2015 Nickel & Nickel "Element 28" Cabernet Sauvignon, Napa Valley, Napa, California
Dark garnet in color, this wine smells of cherry and cola. In the mouth, cherry and cola flavors have a mouthwatering juiciness to them thanks to excellent acidity. Fine grained tannins add a little grip, but this wine is mostly about juicy fruit and a touch of caramelized oak smokiness that is quite appealing. 14.9% alcohol. Score: between 9 and 9.5. Cost: $??

2015 Nickel & Nickel "John C. Sullenger" Cabernet Sauvignon, Oakville, Napa, California
Very dark garnet in color, this wine smells of cherry and cassis. In the mouth, cassis and tobacco leaf flavors have a very grapey primary character, bursting with acidity. Fine grained but very muscular tannins aggressively grip the palate. This wine is quite young yet, and should be left alone for a year or two at least. 14.5% alcohol. Score: between 8.5 and 9. Cost: $100. click to buy.

2015 Nickel & Nickel "State Ranch" Cabernet Sauvignon, Yountville, Napa, California
Inky garnet in the glass, this wine smells of ripe cherry fruit. In the mouth, cherry and cola flavors have a touch of cocoa powder to them even as they burble with bright acidity. Fine grained tannins flex their muscles as the wine finishes, gripping the palate firmly while notes of sour cherry and a touch of citrus linger in the finish. Very well integrated oak, and nice balance. 14.9% alcohol. Score: between 9 and 9.5. Cost: $100. click to buy.



The Rockstar Vintage: Tasting 2016 Cabernet at Premiere Napa Valley

Some people run a marathon once each year. That's not my speed. Instead, I knuckle down and taste 200 Cabernets for breakfast on one particular Saturday morning.

Each year, the Napa Valley Vintners Association pulls out all the stops to host its annual fundraising event known as Premiere Napa Valley. Not to be confused with its star-studded charity auction in the spring (known as Auction Napa Valley), Premiere Napa Valley is a more focused event. It is a barrel tasting and auction, in which the wines on offer are all unique creations made specifically and only for this event, offering purchasers the opportunity to own an incredibly rare wine that often represents the very pinnacle of the winemaker's efforts in that vintage. All the invited bidders are ostensibly in the wine trade (retailers, distributors, etc.), while other attendees include the media and winery staff. The proceeds from the auction of more than 200 unique lots of wine go to help fund the Vintners Association itself.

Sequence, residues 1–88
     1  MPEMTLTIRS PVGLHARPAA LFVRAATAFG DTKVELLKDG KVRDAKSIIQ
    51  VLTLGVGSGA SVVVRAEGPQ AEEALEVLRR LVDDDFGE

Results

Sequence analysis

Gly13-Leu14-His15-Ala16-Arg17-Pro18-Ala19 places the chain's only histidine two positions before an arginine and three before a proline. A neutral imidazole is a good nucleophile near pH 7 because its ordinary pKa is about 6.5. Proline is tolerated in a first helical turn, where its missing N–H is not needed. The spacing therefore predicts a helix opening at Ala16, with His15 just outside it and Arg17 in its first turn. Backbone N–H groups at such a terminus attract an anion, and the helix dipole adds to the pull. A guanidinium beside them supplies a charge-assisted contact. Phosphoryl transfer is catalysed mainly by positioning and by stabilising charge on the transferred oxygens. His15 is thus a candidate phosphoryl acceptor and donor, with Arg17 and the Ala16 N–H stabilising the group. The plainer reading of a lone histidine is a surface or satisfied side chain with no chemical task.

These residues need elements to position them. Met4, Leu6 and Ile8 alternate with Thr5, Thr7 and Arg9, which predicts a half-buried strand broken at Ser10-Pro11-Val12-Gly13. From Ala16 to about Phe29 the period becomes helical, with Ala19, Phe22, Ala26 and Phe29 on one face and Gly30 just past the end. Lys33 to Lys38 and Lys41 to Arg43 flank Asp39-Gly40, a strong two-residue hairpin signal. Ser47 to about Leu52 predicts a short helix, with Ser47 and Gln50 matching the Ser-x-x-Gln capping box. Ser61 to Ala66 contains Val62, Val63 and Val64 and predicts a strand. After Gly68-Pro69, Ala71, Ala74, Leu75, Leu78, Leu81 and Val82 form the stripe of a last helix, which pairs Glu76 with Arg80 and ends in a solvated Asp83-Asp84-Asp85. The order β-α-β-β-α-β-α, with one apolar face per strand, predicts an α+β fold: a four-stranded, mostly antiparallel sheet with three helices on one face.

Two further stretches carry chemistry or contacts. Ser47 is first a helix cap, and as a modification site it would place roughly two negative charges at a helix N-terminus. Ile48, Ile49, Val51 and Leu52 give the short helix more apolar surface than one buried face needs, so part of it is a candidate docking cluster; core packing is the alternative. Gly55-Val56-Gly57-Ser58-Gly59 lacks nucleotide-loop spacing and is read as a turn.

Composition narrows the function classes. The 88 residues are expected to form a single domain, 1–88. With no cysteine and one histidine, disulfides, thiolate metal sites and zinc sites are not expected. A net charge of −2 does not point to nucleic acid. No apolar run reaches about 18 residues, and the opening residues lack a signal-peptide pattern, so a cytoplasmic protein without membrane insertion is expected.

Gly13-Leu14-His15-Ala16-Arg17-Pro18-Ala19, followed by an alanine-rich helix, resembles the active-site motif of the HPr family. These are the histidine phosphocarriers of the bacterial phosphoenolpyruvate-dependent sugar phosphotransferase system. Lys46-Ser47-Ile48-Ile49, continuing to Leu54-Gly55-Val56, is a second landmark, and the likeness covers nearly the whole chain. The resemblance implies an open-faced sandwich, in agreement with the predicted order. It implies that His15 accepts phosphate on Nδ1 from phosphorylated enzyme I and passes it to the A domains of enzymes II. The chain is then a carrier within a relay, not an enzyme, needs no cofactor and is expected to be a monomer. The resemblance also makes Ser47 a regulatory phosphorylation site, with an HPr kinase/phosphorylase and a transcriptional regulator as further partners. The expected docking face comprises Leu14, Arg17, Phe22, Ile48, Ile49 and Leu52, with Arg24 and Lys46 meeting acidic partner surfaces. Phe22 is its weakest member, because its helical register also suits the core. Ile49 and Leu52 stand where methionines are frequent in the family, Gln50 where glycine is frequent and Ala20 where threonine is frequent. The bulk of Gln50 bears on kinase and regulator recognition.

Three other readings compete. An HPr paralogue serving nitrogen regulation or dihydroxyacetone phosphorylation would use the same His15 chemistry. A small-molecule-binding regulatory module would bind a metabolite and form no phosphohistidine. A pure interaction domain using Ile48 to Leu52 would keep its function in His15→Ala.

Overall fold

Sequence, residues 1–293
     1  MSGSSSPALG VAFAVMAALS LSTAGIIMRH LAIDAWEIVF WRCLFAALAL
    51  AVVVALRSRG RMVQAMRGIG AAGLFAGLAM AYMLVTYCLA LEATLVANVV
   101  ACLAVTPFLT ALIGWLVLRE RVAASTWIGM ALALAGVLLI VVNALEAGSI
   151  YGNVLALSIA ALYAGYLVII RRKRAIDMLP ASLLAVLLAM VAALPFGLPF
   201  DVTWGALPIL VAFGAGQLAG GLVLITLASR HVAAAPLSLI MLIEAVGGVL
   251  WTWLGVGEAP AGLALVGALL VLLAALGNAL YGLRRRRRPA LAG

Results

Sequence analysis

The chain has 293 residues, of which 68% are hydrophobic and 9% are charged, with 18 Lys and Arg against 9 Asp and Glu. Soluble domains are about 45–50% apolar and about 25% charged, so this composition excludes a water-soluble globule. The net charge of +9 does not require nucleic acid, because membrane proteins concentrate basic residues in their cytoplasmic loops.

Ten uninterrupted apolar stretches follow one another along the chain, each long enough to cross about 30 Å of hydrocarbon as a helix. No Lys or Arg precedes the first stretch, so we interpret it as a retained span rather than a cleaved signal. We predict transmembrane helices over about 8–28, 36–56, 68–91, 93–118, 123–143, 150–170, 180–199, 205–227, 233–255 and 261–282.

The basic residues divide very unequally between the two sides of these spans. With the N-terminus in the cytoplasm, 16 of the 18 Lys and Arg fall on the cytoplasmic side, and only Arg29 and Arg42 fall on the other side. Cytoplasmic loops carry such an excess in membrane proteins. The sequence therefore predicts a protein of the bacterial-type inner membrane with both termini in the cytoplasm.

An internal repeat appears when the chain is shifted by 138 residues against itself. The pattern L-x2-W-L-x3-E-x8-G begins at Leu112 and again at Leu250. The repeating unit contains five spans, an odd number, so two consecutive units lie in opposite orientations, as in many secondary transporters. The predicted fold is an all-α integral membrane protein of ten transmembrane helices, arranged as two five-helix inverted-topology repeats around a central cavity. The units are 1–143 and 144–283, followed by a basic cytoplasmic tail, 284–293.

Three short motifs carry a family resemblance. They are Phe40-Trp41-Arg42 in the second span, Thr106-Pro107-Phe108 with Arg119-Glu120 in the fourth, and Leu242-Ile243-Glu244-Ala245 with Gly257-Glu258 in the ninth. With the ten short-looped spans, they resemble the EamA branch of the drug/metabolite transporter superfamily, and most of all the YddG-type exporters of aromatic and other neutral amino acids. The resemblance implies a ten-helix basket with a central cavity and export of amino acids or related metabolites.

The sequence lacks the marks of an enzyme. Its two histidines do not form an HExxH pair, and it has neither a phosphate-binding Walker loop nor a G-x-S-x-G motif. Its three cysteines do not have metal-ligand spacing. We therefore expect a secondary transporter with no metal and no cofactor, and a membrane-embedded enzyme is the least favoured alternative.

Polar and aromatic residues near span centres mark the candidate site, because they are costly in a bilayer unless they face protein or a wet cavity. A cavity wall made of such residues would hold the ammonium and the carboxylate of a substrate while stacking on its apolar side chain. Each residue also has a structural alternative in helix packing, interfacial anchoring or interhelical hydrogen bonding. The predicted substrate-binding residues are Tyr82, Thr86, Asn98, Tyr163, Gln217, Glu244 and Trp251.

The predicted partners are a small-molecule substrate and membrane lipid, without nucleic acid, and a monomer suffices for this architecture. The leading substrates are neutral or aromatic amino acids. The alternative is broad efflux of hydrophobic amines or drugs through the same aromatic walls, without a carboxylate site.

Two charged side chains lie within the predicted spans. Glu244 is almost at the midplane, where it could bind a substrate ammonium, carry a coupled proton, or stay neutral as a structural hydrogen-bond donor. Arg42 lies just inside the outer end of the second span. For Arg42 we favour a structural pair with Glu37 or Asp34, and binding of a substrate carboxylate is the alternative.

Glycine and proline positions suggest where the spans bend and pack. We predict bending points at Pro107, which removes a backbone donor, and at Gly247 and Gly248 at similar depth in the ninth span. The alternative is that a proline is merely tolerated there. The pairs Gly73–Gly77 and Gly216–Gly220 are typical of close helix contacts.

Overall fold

The auction action at Premiere always serves as something of a barometer for California wine, measuring both the strength of the Napa brand in the marketplace, as well as the interest in the upper echelon of fine California wine (many auction lots sell for well over $2000 per bottle).

This afternoon, the Vintners raised more than $4.1 million dollars at the auction, which was a hair less than the $4.2 million earned last year, a bit less than the $5 million raised in 2015, and $6 million earned in 2014 and 2015. I continue to be surprised at the downward trajectory of earnings at this event. If I were a betting man, given the strength of the economy, and the quality of this vintage, I would have expected this year's take to be an uptick again. I'm somewhat stumped as to the reason for the continued decline in revenues. It does seem to me that there are fewer of the real superstar wineries (extremely allocated, hard to get labels like Scarecrow, Futo, Dalla Valle, etc.) consistently offering auction lots, and these are the ones that push bids into the six figure range. While the Alpha Omega, Rombauer and Vine Hill Ranch lots hit $75,000 apiece (VHR was just 5 cases, making for a bottle price of $1250) and Staglin clocked in at $65k, only Silver Oak's lot made it to six figures at $110k, and most of the other bids fell below $50k. I haven't done the analysis, but it may also be that wineries are offering smaller lots, which are in turn resulting in smaller bids.